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Enhanced neuronal Met signalling levels in ALS mice delay disease onset.

Genestine M, Caricati E, Fico A, Richelme S, Hassani H, Sunyach C, Lamballe F, Panzica GC, Pettmann B, Helmbacher F, Raoul C, Maina F, Dono R - Cell Death Dis (2011)

Bottom Line: Enhancing Met levels in neurons does not affect either motor neuron (MN) development or maintenance.Thus, our studies highlight the properties of RTKs to counteract toxic signals in a disease characterized by dysfunction of multiple cell types by acting in MNs.Moreover, they emphasize the relevance of genetically assessing the effectiveness of agents targeting neurons during ALS evolution.

View Article: PubMed Central - PubMed

Affiliation: Developmental Biology Institute of Marseille-Luminy, UMR 6216, CNRS-Inserm-Université de la Méditerranée, Campus de Luminy-Case 907, Marseille Cedex 09, France.

ABSTRACT
Signalling by receptor tyrosine kinases (RTKs) coordinates basic cellular processes during development and in adulthood. Whereas aberrant RTK signalling can lead to cancer, reactivation of RTKs is often found following stress or cell damage. This has led to the common belief that RTKs can counteract degenerative processes and so strategies to exploit them for therapy have been extensively explored. An understanding of how RTK stimuli act at cellular levels is needed, however, to evaluate their mechanism of therapeutic action. In this study, we genetically explored the biological and functional significance of enhanced signalling by the Met RTK in neurons, in the context of a neurodegenerative disease. Conditional met-transgenic mice, namely Rosa26(LacZ-stop-Met), have been engineered to trigger increased Met signalling in a temporal and tissue-specific regulated manner. Enhancing Met levels in neurons does not affect either motor neuron (MN) development or maintenance. In contrast, increased neuronal Met in amyotrophic lateral sclerosis (ALS) mice prolongs life span, retards MN loss, and ameliorates motor performance, by selectively delaying disease onset. Thus, our studies highlight the properties of RTKs to counteract toxic signals in a disease characterized by dysfunction of multiple cell types by acting in MNs. Moreover, they emphasize the relevance of genetically assessing the effectiveness of agents targeting neurons during ALS evolution.

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Molecular analysis of Nes-R26Met and R26LacZ−stop−Met mice in adult lumbar spinal cords on transversal sections. (a and b) In situ hybridization using lacZ riboprobes. (c and d) Enlarged view of the ventral regions, showing lacZ expression in distinct cell types characterized by large cell nuclei resembling MNs in R26LacZ−stop−Met and a decrease in its levels after nestin-cre-mediated recombination in Nes-R26Met. (e and f) Section showing the overlap of X-Gal activity and DAPI staining in lumbar spinal cords. X-Gal-negative cells with large nuclei were predominantly found in Nes-R26Met, but not in R26LacZ−stop−Met transgenics. Arrows and arrowheads points to X-Gal-negative and X-Gal-positive cells with large nuclei, respectively. (g) Quantification analysis of X-Gal-positive (blue) and X-Gal-negative cells with large nuclei (resembling MNs; white) in Nes-R26Met mice, showing that nestin-cre-mediated lacZ excision occurred in approximately 56% of these cells. Values are expressed as means±S.E.M. (h–k) Expression of the met chimeric transgene in lumbar spinal cords. Panels (j and k) show an enlarged view of ventral spinal cords and met transgenic expression in cells resembling MNs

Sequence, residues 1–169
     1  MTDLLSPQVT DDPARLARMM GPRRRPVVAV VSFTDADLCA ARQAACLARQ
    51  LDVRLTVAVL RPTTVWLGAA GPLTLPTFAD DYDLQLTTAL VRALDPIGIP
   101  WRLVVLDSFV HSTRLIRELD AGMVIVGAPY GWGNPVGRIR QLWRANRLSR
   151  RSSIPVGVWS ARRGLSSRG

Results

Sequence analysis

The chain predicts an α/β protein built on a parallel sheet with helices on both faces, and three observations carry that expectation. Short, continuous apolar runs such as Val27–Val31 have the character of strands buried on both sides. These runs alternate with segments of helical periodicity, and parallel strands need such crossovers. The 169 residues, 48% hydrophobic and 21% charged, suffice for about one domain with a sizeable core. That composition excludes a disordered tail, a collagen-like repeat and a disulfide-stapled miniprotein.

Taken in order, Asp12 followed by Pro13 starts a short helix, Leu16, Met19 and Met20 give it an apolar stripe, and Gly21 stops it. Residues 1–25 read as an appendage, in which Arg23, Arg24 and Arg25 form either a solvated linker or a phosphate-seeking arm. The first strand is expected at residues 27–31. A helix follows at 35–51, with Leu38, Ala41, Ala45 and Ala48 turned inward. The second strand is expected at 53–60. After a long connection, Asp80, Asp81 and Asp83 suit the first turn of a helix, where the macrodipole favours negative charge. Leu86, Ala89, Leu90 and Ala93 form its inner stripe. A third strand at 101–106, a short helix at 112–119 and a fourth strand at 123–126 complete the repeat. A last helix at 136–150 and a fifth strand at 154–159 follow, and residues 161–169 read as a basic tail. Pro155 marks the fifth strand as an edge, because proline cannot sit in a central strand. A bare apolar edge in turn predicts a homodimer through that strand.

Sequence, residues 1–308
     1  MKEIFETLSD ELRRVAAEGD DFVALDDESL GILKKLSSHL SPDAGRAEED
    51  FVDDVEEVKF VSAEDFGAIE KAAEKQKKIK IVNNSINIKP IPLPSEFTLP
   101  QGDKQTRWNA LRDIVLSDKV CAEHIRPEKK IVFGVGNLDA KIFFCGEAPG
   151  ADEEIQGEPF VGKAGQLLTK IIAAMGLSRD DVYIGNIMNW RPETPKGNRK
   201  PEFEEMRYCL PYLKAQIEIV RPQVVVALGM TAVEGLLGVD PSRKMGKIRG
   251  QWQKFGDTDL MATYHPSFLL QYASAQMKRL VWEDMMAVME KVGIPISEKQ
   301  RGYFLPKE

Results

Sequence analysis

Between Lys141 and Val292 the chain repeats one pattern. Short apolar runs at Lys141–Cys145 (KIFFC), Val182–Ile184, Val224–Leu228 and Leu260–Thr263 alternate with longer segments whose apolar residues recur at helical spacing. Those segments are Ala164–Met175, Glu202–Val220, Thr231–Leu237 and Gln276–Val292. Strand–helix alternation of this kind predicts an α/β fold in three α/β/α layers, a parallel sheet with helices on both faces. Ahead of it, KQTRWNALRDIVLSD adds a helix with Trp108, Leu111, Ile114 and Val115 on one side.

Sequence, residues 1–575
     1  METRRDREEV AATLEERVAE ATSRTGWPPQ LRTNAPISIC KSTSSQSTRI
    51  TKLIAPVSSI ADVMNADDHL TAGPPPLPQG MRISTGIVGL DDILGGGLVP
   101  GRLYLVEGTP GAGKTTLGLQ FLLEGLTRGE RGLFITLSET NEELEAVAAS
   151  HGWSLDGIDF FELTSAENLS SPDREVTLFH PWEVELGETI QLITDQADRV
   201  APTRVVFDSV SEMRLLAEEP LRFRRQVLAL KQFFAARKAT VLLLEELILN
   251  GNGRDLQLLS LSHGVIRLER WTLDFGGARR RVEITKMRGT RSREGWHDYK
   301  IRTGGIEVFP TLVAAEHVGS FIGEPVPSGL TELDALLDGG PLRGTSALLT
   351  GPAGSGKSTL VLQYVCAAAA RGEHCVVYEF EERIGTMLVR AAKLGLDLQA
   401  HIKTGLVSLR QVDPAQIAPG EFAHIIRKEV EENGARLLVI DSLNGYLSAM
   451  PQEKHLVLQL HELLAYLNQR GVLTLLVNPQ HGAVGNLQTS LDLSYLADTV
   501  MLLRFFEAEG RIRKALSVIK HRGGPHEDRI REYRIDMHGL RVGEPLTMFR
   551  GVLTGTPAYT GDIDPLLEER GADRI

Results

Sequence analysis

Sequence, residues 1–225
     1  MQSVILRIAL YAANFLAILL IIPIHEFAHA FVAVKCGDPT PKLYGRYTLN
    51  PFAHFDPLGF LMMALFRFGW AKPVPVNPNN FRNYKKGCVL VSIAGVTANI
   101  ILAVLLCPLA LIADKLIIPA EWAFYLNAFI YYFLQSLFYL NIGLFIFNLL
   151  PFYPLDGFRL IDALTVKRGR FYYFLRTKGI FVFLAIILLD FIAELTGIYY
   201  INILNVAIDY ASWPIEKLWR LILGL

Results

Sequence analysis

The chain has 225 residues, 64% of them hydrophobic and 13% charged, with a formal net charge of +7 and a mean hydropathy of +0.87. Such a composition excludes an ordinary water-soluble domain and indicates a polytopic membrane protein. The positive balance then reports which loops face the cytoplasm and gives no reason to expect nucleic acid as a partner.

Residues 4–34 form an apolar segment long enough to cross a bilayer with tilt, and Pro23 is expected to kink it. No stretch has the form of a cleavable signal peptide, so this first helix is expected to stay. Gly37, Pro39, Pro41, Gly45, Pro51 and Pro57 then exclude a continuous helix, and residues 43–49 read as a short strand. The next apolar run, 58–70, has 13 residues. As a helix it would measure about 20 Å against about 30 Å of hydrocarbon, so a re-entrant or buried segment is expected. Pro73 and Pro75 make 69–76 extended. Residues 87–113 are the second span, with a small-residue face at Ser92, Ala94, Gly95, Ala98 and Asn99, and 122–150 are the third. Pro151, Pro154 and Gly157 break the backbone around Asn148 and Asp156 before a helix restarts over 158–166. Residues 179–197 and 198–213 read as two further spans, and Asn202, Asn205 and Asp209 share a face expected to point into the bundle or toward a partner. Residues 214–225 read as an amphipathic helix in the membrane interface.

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fig3: Molecular analysis of Nes-R26Met and R26LacZ−stop−Met mice in adult lumbar spinal cords on transversal sections. (a and b) In situ hybridization using lacZ riboprobes. (c and d) Enlarged view of the ventral regions, showing lacZ expression in distinct cell types characterized by large cell nuclei resembling MNs in R26LacZ−stop−Met and a decrease in its levels after nestin-cre-mediated recombination in Nes-R26Met. (e and f) Section showing the overlap of X-Gal activity and DAPI staining in lumbar spinal cords. X-Gal-negative cells with large nuclei were predominantly found in Nes-R26Met, but not in R26LacZ−stop−Met transgenics. Arrows and arrowheads points to X-Gal-negative and X-Gal-positive cells with large nuclei, respectively. (g) Quantification analysis of X-Gal-positive (blue) and X-Gal-negative cells with large nuclei (resembling MNs; white) in Nes-R26Met mice, showing that nestin-cre-mediated lacZ excision occurred in approximately 56% of these cells. Values are expressed as means±S.E.M. (h–k) Expression of the met chimeric transgene in lumbar spinal cords. Panels (j and k) show an enlarged view of ventral spinal cords and met transgenic expression in cells resembling MNs

Mentions: We next characterized the R26LacZ−stop−Met mice before and after recombination by following the expression of the lacZ-stop cassette and mettg transcript in adult brains and spinal cords. We found a decrease in β-galactosidase activity and lacZ transcripts in Nes-R26Met compared with R26LacZ−stop−Met transgenics, indicating that recombination in several brain regions occurred as expected (Figures 2a–d, Supplementary Figures 1 and 2). Conversely, mettg was expressed in brains only after recombination in a pattern complementary to lacZ distribution (Figures 2e and f). High levels were found in the hippocampus, cerebellum, cerebral cortex, and cervical spinal cord (Figures 2g–i). Expression studies performed on adult lumbar spinal cord sections revealed also a complementary distribution pattern. In particular, lacZ or mettg were found in cells with large nuclei resembling MNs of R26LacZ−stop−Met and Nes-R26Met, respectively (Figure 3). Quantification analysis revealed that cre-mediated excision occurred in approximately 56% of these cells (56.3±1.1; P<0.0001; Figure 3g).